Why I Hate Religion, But Love Jesus – A Review & Response
by Craig A. Smith (Ph.D.)
If you haven’t seen it yet, you should probably watch Jeff Bethke’s video Why I Hate Religion, But Love Jesus. As I write this, his video has been watched more than 19 million times on YouTube. It’s also inspired a whole host of response videos, some of which are worth watching.
In short, Bethke’s premise is simple: the Christian “religion” obscures the truth about Jesus. He identifies religion as something that has started many wars and something that has built huge churches while failing to feed the poor. I think most people can agree that wars and self-serving hypocrisy are terrible legacies. But is religion the true culprit here? I’m not at all sure that it is, yet Bethke has re-defined religion in such a way that, if you accept his definition, it almost has to be. He also seems to subtly imply that “religion” is synonymous with the organized church, leaving one to wonder if the only way to follow Jesus authentically is to do so apart from the church.
Let me be clear: there is much in Bethke’s video that resonates with me. I too find it frustrating that Jesus’ followers often do such a poor job of representing him. As much as I hate to admit it, I’m no different. My temper, my selfishness, my unwillingness to be uncomfortable for His sake…these are all ways in which I distort the picture of Christ that the world sees through me. But let’s be clear: these are my problems, not Christ’s. Perhaps more importantly, these are my problems, not the church’s. But since I and a whole bunch of other people just like me make up the church, the church will inevitably suffer from these same deficiencies.
Bethke seems to think that the problem is the church itself, when the problem is really the people who comprise the church. To be fair, however, he does say that he loves the church, at least in theory. In practice, however, he equates the church with the naughty “R” word: religion. Both explicitly and implicitly, he defines religion as a series of man-made rules and regulations which serve to distract us from our own weakness and sin. He calls religion “perfume on a casket” and says the problem with it is that it never gets to the core. Rather, it’s just “behavior modification like a long list of chores.” What he wants, I think, is for people to authentically follow Jesus from a wellspring of gratitude for His grace rather than out of an attempt to live up to external expectations piled upon us from “religious people”. I couldn’t agree more.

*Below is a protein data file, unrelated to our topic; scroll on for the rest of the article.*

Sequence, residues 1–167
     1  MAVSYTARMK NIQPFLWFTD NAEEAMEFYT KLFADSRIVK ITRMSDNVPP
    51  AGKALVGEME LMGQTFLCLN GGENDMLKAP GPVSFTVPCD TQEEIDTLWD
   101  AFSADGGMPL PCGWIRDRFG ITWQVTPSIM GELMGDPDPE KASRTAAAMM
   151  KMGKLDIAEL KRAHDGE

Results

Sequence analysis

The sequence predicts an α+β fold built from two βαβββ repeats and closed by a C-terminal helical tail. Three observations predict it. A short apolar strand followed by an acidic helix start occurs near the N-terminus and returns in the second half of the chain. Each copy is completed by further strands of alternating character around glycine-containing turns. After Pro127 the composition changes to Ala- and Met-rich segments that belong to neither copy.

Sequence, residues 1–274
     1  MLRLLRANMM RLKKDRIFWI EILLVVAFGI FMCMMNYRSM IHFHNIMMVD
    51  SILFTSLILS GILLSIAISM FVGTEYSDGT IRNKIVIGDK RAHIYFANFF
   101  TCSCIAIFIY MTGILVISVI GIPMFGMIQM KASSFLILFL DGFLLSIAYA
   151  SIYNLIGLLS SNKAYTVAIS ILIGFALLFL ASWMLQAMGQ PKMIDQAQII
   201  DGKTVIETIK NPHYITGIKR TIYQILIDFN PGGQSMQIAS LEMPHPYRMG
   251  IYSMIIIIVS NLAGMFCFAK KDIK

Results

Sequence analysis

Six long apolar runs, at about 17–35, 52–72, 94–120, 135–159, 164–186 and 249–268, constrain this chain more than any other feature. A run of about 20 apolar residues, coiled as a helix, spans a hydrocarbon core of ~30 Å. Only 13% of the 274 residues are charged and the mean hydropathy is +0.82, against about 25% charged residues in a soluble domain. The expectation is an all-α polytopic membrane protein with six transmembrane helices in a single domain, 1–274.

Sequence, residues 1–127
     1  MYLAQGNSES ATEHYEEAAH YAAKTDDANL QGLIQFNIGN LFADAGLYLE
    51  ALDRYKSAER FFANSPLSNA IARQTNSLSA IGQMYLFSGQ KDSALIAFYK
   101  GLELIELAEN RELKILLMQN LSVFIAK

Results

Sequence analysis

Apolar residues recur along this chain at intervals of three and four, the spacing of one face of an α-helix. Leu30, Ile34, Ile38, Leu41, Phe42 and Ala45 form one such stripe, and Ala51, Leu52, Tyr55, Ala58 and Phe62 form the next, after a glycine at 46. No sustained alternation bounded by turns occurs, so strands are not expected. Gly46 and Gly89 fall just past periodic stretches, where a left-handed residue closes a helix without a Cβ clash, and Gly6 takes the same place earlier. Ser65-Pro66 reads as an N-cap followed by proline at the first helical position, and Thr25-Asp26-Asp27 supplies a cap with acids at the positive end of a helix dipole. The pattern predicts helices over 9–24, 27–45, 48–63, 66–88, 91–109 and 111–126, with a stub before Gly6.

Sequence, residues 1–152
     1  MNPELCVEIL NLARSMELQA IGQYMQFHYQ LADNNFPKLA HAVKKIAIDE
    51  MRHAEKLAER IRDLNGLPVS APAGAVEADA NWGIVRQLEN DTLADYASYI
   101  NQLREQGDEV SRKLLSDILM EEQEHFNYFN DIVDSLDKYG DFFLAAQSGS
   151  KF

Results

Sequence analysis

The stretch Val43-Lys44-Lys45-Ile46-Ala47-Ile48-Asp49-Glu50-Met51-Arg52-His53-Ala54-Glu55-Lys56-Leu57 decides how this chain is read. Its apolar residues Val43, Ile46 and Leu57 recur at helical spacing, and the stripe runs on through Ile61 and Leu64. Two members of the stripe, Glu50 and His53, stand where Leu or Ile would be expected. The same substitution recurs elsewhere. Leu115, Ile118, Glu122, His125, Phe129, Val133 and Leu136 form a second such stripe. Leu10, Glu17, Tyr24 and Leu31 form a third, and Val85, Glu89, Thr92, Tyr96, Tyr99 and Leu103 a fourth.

The problem I have with Why I Hate Religion, But Love Jesus is twofold. First, it makes a huge logical and theological error and second, this error could lead people down an ultimately harmful path.
The logical/theological problem begins with a simple fallacy. He’s taken a list of grievances, summed them all up together under the banner of “religion” and then said that, since those things are bad, religion is bad. But that’s like saying that football is bad because a high school football player once shoved me in a locker. The conclusion simply does not follow from the premise. Bethke’s definition of religion is pretty hard to swallow. He calls it “man made” and equates it with rules, regulations and hypocrisy. Now, is it true that religion often involves rules, regulations and hypocrisy? Sure, but that’s true of capitalism, too. So is capitalism bad because a capitalist works to pass rules that discourage monopolies then forms a monopoly himself? No, the problem is not with capitalism but with capitalists. In the same way, the problem isn’t with religion per se, but with religious people; a.k.a people. Religion is really just what we believe to be true about ultimate questions that then affect the way we live.